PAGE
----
“Her name’s Fanny Campbell,” replied Bobby, “and she kin shoot straight as any man, and fight with a cutlass!”

     “Sure but it sounds like a crackin’ yarn,” said Sean, “but I’m thinkin’ you and I better get some shut-eye. We’ve gotta be at the factory by five in the morning. I’ll blow out the candle. Good night to you, my good friend!”

      Bobby lay awake, huddled in her blanket, listening to the sounds of the night: a dog barking in the distance, the occasional rustle and scratch of a rat in the hallway, the rattle of a passing carriage in the street below. Muddled thoughts ran through her head.

      I’m bound and determined to live as a man, she thought, and I’ll learn to spit and swear and swagger just like they do. But yet I’m confused. I’m drawn to this Irish boy. He’s so handsome and kind. He makes me feel…I don’t know what…all soft and tender? But no, no, I’ll not turn into a daft, mooning girl! I’m Bobby Brown, and I’m tough and I’m strong.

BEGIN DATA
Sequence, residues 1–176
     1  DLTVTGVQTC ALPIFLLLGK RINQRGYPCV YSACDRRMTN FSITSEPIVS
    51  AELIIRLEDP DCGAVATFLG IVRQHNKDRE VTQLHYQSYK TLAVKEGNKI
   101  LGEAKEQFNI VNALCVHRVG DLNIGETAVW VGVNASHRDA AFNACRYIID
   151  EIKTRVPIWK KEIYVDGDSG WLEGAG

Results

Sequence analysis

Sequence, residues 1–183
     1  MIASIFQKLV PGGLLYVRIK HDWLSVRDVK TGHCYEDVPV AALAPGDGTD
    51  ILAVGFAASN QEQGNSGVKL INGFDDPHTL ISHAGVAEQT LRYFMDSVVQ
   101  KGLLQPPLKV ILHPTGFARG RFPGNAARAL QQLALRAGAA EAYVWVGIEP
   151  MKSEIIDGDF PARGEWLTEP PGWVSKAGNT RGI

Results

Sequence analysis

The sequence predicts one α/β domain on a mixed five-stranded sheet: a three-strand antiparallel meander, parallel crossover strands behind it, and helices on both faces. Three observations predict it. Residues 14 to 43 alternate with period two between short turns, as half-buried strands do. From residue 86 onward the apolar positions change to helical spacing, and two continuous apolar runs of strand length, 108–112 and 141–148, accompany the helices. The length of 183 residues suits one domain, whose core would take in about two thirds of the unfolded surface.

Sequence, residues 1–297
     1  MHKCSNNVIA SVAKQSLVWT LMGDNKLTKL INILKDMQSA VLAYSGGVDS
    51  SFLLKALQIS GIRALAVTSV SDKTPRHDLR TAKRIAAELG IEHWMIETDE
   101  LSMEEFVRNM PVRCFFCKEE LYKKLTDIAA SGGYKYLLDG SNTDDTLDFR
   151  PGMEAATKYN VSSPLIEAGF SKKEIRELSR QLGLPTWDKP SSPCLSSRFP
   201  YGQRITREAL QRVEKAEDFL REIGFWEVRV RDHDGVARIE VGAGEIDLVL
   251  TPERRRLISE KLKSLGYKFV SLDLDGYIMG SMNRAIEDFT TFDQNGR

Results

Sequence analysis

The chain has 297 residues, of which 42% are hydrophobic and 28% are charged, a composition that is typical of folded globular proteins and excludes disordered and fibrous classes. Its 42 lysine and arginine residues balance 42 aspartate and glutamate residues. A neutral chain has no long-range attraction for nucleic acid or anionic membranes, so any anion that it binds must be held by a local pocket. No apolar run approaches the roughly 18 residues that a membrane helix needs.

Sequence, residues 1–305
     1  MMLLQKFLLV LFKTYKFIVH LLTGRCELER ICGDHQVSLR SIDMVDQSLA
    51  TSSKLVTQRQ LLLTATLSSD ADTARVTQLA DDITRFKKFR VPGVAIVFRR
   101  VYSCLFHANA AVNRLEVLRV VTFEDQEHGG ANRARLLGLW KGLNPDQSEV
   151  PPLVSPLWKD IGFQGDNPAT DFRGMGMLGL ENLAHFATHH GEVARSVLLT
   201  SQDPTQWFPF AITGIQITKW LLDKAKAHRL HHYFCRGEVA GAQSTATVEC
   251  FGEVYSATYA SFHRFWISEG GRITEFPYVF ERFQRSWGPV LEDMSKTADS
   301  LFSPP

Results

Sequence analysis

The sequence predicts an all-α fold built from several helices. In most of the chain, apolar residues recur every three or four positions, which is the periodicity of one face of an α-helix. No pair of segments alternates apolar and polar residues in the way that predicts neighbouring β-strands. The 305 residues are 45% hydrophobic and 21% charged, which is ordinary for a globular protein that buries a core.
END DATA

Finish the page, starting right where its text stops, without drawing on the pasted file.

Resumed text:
With that thought in mind, she slipped off to sleep.

Philadelphia, a few weeks later.

      “We’re makin’ no money at all, workin’ our fingers to the bone in that factory, Sean,” said Bobby earnestly. “Four dollars a month! It’s barely enough to feed us, and we have to live in this hole!”

      She waved her arm to indicate the tenement room.

      “It’s not so bad,” said Sean soothingly. “You’ve done it up real nice.”

      Bobby glanced at the cracked window, the rickety table with its vase of withered flowers, the two battered chairs, and the grubby mattresses and threadbare blankets stacked in the corner, and let out a hollow laugh.